I think North will beat Hopkins next Saturday, and I think Hopkins and EP will split their regular season games. Hopkins will also beat EP on its home court in the finals of the Dick's Sporting Goods tournament in late December. North plays in the somewhat easier Suburban South conference, so if they beat Hopkins next Saturday they'll head into post-season at 26-0. Hopkins always plays an impossibly tough schedule and it just got tougher with the addition of EP to the Classic Lake. I see the Royals tying for the Classic Lake title at 6-2 and heading into the post-season at 24-3. And I see EP also going 6-2 in the Classic Lake in their 1st season as a member, and finishing the regular season at 21-5 with losses at Lakeville North, Hopkins (Dick's Christmas Tournament) and Benilde-SM.

As noted above, the 3 are in different sections. EP has the toughest section to contend with, with Edina and Prior Lake being solid threats. Lakeville North really has only Eastview as a challenger, while Hopkins shouldn't have any difficulty in 6AAAA with Minnetonka and Wayzata representing the toughest competition.

In the state tournament, the seedings will reflect the team's losses. Lakeville North 0 or 1, Hopkins 3ish, and Eden Prairie 5ish. Earlier, in my 2010-2011 Season Preview, I picked EP to go all the way. I now think that's wrong. The reason being, EP can compete with North and Hopkins, but not the 2 of them, not back-to-back, on Friday and Saturday nights. 40 minutes of hell, maybe. But 80 minutes of hell against teams (Hopkins and North) that have the depth to keep fresh legs in the game? I don't think so.

So either EP beats Hopkins on Friday and loses to Lakeville North on Saturday. Or Hopkins beats EP and Lakeville North. By the time they get to the state finals, the Panthers could be on a 63-game winning streak. The fact is they'll be overdue to lose one, whether or not the pressure of such a streak affects their play. And why not against the best prepared opponent they'll face all year?

Either way, the 1st string all-state team includes, at a minimum, Banham and Johnson, while A. Davis, Mullaney, Ojulu, Van Riper-Rose and B. Williams get at least 3rd team recognition.

The Final Word

1. Hopkins 30-3 Classic Lake co-champ, Section 6AAAA champ, State AAAA champ
2. Lakeville North 31-1 South Suburban champ, Section 3AAAA champ, State AAAA runner-up
3. Eden Prairie 26-6 Classic Lake co-champ, Section 2AAAA champ, State AAAA 3rd place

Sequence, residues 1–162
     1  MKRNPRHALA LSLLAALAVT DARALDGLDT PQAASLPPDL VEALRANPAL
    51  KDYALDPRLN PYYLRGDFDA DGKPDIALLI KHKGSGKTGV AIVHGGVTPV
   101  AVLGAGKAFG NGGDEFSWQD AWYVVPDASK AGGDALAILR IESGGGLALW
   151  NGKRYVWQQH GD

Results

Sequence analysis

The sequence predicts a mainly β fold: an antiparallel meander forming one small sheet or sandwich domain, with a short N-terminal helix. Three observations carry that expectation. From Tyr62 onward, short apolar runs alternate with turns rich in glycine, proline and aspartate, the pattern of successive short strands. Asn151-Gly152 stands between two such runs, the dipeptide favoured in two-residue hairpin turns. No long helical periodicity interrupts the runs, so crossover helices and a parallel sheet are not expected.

4. White Bear Lake 22-9 Suburban East co-champ, Section 4AAAA champ, State AAAA 4th place

White Bear is not the 4th best team this year, but it's to their credit that they've upped their schedule to parity with the elite schools. The point is that the next best after the Big Three are all in Sections 2, 3 and 6.

Sunday, November 28, 2010

2010-2011 Season Preview

In the book, Stew and I call the current era (from 1997 to the present) the "second golden age of Minnesota basketball." The first, for the record, came in the late 1940s and 1950s when George Mikan and the Minneapolis Lakes were understood to be the greatest player and the greatest team in the world.

The second, many people guess, must have something to do with the return of the NBA to the area. But, no.

The point is that Minnesota has more kids--boys and girls--playing youth basketball than almost any state in the union. As a result, upwards of 100 Minnesotans a year are playing basketball at the college level and, as a further result, many of them with great success, individually and for their team. The Gopher men played in the 1997 Final Four, the women in 2004. The Winona State men (twice) and Mankato State women won national D2 championships, the Gustavus men were runners-up in 2003. When the NCAA named its all-time (25 year) women's all-America teams, Kasey Morlock of Stewartville (and North Dakota State) and Jessica Beachy of Staples and Concordia (Moorhead) were among the top 5 in their respective divisions.

Khalid El-Amin led Connecticut to a D1 NCAA title. Coco and Kelly Miller won the Hickok Belt as America's top amateur athletes while at Georgia. Kris Humphries and Joel Pryzbilla play in the NBA, and a number of Minnesota natives in the WNBA. And so on.